Based on “I Never Saw Another Butterfly,” the classic volume of children’s poems written in the Terezin concentration camp, Dana Sandler has created a song-cycle for nine poems from the book. Her album of the same name features the poetry of five children—Pavel Friedmann, who wrote the poem from which the book’s title and Sandler’s album originate, Franta Bass, Alena Synkova-Munkova and the work of two anonymous children who also perished in the Holocaust.

Sandler recently spoke to JewishBoston about her upcoming concert at Temple Shalom in Newton, where she will debut her album. The album’s inspiration goes back to Sandler’s teenage years. “My mother brought back ‘I Never Saw Another Butterfly’ from Europe, and the book left its mark on me,” she recalled. “At the time, I was the same age as the poets in the book, and I kept a place in my heart for them.”

The poetry’s subject was too intense for Sandler. It wasn’t until she became a mother that she revisited the poems and thought about setting them to music. By that time, she also had a master’s degree in jazz vocal music and was a physician assistant at Boston Children’s Hospital. But after the murders at the Tree of Life Synagogue in Pittsburgh in October 2018, Sandler said, “I felt a fire under me. At the beginning of the project, I read survivor testimonies, and my prime concern was, how do we remember these people?”

Sandler’s album is dedicated to Friedl Dicker-Brandeis, an Austrian artist and educator who was deported to Terezin in December 1942. In the ghetto, she taught clandestine art classes until she was sent to Auschwitz in September 1944. During those two years in Terezin, Dicker-Brandeis filled two suitcases with 4,500 children’s drawings and poems. She entrusted her precious collection to a tutor in the girls’ barrack in Terezin. After the war, the suitcases were sent to the Jewish community in Prague, and their contents remain on display in the Jewish Museum there. A selection of the poems and artwork comprise “I Never Saw Another Butterfly.”

(Courtesy image)
(Courtesy image)

“The overall concept of the album is to commemorate the 75th anniversary of the liberation of Auschwitz-Birkenau,” Sandler said. “I also want to honor the voices of those who were silenced too soon. My music is also a response to the rise of antisemitism and the overall hate in this climate. It’s so important to talk about this history today. For example, I’ve seen the artwork of separated children [at the U.S. southern border] who have drawn pictures of themselves in cages. These pictures are eerily similar to the artwork in the book. It alludes to the importance that the Holocaust happened not that long ago. It can happen again if we don’t talk about it.”

Sandler, a vocalist and composer, said that as she was writing, she was conscious of the work’s musical arc. Each of the song-cycles starts on a heartbreaking note but ends in a hopeful place. “There is beauty in those young poets’ words despite what they were going through,” she said. “My intention was to see their hopes and dreams go forward musically. The poems have classical settings, and each section has an instrumental dedication to set up the tone, the rhythmic figure and the center for the poems. There are also little hints of pieces from other parts that connect all four sections.”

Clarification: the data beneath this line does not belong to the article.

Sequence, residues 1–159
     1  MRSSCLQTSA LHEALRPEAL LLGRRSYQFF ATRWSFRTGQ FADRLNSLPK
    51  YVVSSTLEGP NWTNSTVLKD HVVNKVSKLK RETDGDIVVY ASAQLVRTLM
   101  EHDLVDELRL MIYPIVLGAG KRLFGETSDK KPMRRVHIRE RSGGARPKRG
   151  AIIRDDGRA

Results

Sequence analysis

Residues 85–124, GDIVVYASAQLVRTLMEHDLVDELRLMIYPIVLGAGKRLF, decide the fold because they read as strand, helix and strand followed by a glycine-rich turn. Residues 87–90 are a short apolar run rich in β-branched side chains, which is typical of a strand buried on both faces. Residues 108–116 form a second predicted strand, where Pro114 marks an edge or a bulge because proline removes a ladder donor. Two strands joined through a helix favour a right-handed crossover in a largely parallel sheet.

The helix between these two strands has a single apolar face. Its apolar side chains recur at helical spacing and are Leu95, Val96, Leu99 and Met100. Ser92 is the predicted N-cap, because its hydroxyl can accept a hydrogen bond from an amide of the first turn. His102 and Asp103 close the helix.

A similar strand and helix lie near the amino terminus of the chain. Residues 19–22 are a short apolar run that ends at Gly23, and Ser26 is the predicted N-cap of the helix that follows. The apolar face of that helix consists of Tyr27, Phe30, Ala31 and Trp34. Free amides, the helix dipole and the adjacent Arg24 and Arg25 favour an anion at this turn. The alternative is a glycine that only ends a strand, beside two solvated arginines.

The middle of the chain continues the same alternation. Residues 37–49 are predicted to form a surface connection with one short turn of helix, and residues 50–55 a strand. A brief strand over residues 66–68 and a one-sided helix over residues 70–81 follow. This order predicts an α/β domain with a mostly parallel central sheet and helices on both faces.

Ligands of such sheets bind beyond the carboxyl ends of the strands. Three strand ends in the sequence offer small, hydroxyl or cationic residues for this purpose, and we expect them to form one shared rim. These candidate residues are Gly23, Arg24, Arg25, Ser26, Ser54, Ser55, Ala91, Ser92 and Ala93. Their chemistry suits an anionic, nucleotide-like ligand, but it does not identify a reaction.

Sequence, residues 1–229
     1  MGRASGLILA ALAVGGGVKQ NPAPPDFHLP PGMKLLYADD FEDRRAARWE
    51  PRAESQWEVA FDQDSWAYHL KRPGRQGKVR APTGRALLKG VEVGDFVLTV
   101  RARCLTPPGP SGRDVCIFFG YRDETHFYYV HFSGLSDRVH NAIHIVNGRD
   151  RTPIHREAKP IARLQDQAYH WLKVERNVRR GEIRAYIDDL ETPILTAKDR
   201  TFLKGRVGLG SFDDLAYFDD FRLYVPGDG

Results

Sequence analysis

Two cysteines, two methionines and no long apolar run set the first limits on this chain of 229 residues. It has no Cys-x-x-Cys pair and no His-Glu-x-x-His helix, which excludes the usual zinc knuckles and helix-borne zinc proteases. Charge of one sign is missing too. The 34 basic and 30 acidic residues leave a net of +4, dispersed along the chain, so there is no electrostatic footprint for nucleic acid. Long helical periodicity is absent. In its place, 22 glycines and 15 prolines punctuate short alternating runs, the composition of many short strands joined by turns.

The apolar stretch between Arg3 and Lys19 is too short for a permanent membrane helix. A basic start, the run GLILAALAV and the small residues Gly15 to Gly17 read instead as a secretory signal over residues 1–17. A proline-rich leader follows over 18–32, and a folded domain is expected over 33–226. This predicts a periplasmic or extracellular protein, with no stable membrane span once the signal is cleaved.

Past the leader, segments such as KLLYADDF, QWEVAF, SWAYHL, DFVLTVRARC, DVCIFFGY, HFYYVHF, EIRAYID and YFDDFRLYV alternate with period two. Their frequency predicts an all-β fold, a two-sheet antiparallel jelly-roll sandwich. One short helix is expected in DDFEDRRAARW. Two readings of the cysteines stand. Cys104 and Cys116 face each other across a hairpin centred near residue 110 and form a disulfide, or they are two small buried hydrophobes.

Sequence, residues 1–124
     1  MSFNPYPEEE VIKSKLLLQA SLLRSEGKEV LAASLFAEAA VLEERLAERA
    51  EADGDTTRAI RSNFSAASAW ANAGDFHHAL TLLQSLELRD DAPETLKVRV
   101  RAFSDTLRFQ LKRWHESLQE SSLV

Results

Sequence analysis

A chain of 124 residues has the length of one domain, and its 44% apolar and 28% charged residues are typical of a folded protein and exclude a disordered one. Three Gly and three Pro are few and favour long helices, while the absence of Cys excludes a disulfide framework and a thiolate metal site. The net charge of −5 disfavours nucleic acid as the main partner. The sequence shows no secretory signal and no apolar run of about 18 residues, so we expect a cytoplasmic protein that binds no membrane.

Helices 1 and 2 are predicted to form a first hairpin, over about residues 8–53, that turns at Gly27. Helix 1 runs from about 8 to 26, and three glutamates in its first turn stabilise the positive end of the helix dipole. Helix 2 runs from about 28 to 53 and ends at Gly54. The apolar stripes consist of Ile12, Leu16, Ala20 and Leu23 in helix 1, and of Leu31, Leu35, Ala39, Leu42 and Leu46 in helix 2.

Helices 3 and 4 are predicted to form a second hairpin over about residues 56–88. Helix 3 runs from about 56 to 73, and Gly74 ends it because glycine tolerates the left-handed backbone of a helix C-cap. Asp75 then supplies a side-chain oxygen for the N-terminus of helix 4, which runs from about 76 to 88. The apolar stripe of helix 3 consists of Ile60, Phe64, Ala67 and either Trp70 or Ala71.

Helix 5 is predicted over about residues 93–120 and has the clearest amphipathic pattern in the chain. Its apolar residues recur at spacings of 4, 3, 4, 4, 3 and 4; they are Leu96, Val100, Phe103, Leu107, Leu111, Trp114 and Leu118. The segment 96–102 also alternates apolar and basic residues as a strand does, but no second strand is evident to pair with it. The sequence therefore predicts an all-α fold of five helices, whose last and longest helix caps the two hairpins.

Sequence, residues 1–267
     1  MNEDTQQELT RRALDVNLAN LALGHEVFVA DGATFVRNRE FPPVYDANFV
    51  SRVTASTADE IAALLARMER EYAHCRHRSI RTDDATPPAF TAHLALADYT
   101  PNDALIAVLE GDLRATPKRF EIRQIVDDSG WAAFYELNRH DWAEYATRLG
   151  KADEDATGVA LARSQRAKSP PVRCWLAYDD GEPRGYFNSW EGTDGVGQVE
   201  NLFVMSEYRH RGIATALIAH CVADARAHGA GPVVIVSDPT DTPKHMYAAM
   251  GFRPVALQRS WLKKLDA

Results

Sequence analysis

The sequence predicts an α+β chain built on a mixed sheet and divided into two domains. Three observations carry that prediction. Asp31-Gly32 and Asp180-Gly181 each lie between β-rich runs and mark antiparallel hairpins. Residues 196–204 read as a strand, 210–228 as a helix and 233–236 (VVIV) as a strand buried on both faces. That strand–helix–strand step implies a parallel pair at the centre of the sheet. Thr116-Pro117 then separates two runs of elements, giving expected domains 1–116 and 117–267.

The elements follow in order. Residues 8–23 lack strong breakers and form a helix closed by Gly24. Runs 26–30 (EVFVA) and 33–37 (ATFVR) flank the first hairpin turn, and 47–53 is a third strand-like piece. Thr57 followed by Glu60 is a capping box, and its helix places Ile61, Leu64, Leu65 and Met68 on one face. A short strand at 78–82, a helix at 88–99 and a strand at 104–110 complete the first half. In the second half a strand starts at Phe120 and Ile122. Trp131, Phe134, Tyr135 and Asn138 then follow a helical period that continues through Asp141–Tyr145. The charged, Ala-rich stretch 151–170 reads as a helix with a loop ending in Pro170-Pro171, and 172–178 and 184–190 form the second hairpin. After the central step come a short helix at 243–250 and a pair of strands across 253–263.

Sandler noted that she owes a debt to other artists who have set poetry to music. “I love the medium, and it’s opened up an entire world for me,” she said. “I’m in control musically, but I also take into consideration the lyrics and the spacing. Before I do anything with a song, I say the words to find the natural spaces. I see what unique phrasing comes out of that exercise. When I read poetry, I have an emotional connection to it, and it’s not just about setting the words to music; I write music that has nothing to do with the lyrics. The music is a response to the poems.”

Sandler composed the music for “I Never Saw Another Butterfly” in just six months. “The process happened very organically,” she said. “I sat down to write, and the music poured out of me. Halfway through, I knew there would be an album’s worth of music.” Sandler further noted the first piece in the song-cycle is an overture in which “each instrument introduces itself. Tracks three and four are based on Franta Bass’s poems. He is the youngest of the poets I highlighted. Other than Bass’s poems, we only know his date of birth and the date of his death. But I created a story about him in which the clarinet represents this little boy. The bass is the home, or the foundation, and the piano reflects Franta daydreaming about life before Terezin.”

The only music Sandler did not write for the song-cycle was by Rebbe Azriel David Fastag, a talented singer and composer of Hassidic music. In 1942, Fastag was deported from the Warsaw Ghetto to Treblinka. On the train, he composed a new melody to Ani Ma’amin—Judaism’s 13 principles of faith. Fastag initially sang the song quietly on the train, gradually raising his voice. The song caught on and was sung throughout the cars. After several rounds of singing, Fastag proclaimed that he would give half of his share of “the world to come” to whoever could deliver the song to his mentor, the Moditzer Rebbe. One man jumped from the moving train and successfully delivered Fastag’s melody to the Rebbe. Upon receiving it, the Rebbe reportedly cried out: “With this niggun (melody), the Jewish people went to the gas chambers, and with this niggun, the Jews will march to greet the Messiah.”

Dana Sandler and fellow musicians will be performing “I Never Saw Another Butterfly” at Temple Shalom in Newton on Sunday, Jan. 26, at 4 p.m. Find more information here.